Surveyors have warned that politicians are using land as a campaign tool, stoking tensions between various communities.
Institution of Surveyors of Kenya (ISK) Chairman Stephen Ambani said in Nairobi that with elections a few months away, this could plunge the country into chaos again.
The ISK boss also condemned increasing cases of land grabbing, especially of prime plots, by powerful cartels working in cahoots with corrupt Ministry of Lands officials.
“This is happening with the full knowledge of the authorities and in spite of spirited efforts to put in place the necessary legal and institutional framework,” he said Thursday.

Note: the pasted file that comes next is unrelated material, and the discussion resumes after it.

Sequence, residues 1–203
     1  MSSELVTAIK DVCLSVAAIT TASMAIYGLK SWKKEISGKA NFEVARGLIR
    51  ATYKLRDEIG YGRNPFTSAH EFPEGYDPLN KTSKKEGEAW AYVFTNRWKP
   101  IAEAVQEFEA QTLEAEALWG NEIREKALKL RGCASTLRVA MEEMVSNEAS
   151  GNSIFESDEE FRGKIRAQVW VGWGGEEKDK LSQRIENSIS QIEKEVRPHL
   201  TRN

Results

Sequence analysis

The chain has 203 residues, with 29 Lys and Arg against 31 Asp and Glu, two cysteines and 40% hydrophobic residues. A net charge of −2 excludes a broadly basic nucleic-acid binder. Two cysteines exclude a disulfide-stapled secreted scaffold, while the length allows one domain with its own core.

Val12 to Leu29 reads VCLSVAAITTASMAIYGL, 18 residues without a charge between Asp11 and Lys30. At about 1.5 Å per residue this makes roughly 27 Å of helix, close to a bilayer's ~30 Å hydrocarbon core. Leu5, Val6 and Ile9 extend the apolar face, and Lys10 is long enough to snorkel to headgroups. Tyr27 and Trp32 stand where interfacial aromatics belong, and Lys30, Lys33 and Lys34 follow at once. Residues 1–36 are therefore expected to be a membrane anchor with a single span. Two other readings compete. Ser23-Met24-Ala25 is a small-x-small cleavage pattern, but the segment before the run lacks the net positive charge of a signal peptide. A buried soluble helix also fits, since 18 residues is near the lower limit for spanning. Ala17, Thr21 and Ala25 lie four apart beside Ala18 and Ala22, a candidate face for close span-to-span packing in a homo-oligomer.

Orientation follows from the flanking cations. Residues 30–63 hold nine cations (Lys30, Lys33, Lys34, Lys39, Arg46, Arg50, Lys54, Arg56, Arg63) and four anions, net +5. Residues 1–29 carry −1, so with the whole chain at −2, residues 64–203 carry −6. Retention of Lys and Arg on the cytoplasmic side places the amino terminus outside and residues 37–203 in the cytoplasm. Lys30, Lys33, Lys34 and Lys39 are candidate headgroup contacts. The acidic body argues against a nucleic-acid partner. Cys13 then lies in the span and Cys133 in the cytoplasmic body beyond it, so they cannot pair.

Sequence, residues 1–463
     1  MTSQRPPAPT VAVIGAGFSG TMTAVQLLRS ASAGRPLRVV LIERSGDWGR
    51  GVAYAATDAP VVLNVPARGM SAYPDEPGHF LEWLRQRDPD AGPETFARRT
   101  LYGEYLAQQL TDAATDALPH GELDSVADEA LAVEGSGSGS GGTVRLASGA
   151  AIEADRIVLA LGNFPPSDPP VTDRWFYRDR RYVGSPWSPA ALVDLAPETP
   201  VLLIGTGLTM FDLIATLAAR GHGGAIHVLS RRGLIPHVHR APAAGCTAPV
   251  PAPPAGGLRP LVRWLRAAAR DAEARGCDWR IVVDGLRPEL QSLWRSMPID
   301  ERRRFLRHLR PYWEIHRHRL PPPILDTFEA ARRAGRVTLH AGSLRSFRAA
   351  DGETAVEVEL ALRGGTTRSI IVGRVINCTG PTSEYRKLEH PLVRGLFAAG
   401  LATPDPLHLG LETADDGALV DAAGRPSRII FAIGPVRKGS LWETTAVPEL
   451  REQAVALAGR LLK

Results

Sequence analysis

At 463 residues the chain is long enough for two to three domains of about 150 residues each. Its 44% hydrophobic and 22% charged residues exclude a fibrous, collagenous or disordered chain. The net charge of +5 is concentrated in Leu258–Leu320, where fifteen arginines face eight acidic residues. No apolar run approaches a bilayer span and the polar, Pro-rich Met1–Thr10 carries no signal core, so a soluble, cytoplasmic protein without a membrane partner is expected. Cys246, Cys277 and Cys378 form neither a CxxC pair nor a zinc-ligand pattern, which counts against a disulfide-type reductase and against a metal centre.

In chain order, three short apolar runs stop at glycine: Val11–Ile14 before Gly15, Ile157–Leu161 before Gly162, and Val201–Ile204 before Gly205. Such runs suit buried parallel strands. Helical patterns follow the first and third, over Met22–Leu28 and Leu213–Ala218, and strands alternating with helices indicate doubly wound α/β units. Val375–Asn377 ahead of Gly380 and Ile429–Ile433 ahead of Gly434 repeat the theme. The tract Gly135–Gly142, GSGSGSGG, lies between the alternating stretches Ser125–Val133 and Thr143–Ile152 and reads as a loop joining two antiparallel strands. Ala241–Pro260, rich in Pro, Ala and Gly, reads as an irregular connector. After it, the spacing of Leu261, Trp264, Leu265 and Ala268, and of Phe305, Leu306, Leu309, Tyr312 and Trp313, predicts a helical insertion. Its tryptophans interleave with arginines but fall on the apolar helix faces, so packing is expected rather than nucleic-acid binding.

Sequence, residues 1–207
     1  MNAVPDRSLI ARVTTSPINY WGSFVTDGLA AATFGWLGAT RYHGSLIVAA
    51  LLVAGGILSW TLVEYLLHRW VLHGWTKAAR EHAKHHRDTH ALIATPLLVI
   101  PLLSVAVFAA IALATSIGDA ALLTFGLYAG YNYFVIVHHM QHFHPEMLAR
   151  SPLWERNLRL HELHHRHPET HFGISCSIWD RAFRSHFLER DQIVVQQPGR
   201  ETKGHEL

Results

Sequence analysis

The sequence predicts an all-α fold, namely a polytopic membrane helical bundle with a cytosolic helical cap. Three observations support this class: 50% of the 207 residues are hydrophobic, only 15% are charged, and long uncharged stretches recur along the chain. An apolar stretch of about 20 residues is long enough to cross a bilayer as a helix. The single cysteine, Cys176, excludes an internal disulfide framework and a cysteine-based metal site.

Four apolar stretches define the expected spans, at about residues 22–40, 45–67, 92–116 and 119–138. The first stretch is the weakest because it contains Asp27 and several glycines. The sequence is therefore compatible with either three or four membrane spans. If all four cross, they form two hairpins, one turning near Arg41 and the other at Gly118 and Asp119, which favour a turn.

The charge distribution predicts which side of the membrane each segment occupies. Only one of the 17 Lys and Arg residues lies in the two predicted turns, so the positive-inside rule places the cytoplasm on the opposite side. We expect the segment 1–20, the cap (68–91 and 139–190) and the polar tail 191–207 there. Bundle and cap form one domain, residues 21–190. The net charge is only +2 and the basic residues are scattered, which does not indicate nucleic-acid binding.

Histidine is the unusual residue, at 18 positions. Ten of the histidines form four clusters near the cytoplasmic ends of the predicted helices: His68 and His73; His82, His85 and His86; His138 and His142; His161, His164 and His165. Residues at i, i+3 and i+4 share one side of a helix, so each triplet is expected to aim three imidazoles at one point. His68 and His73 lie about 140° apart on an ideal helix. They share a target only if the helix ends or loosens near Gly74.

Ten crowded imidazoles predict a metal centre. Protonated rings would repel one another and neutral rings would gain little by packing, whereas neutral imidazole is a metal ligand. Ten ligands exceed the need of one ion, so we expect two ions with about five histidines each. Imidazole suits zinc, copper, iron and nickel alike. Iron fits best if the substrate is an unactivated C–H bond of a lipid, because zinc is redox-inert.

Citing this week’s incident at Westlands, Nairobi, where a family lost its home of 40 years, Mr Ambani accused officers at the ministry and the land commission of not taking action against the perpetrators after the damage was done.
“We cannot be asking land owners to prove ownership when it is their mandate to tell Kenyans who owns which land.
“This issue has not been addressed by successive regimes and shall sadly continue to wreak havoc unless something is done,” he warned.
ISK Chief Executive Moses Kiambuthi urged the government to intervene following threats by some counties not to renew land leases for multinationals, saying this would have serious repercussions on the economy.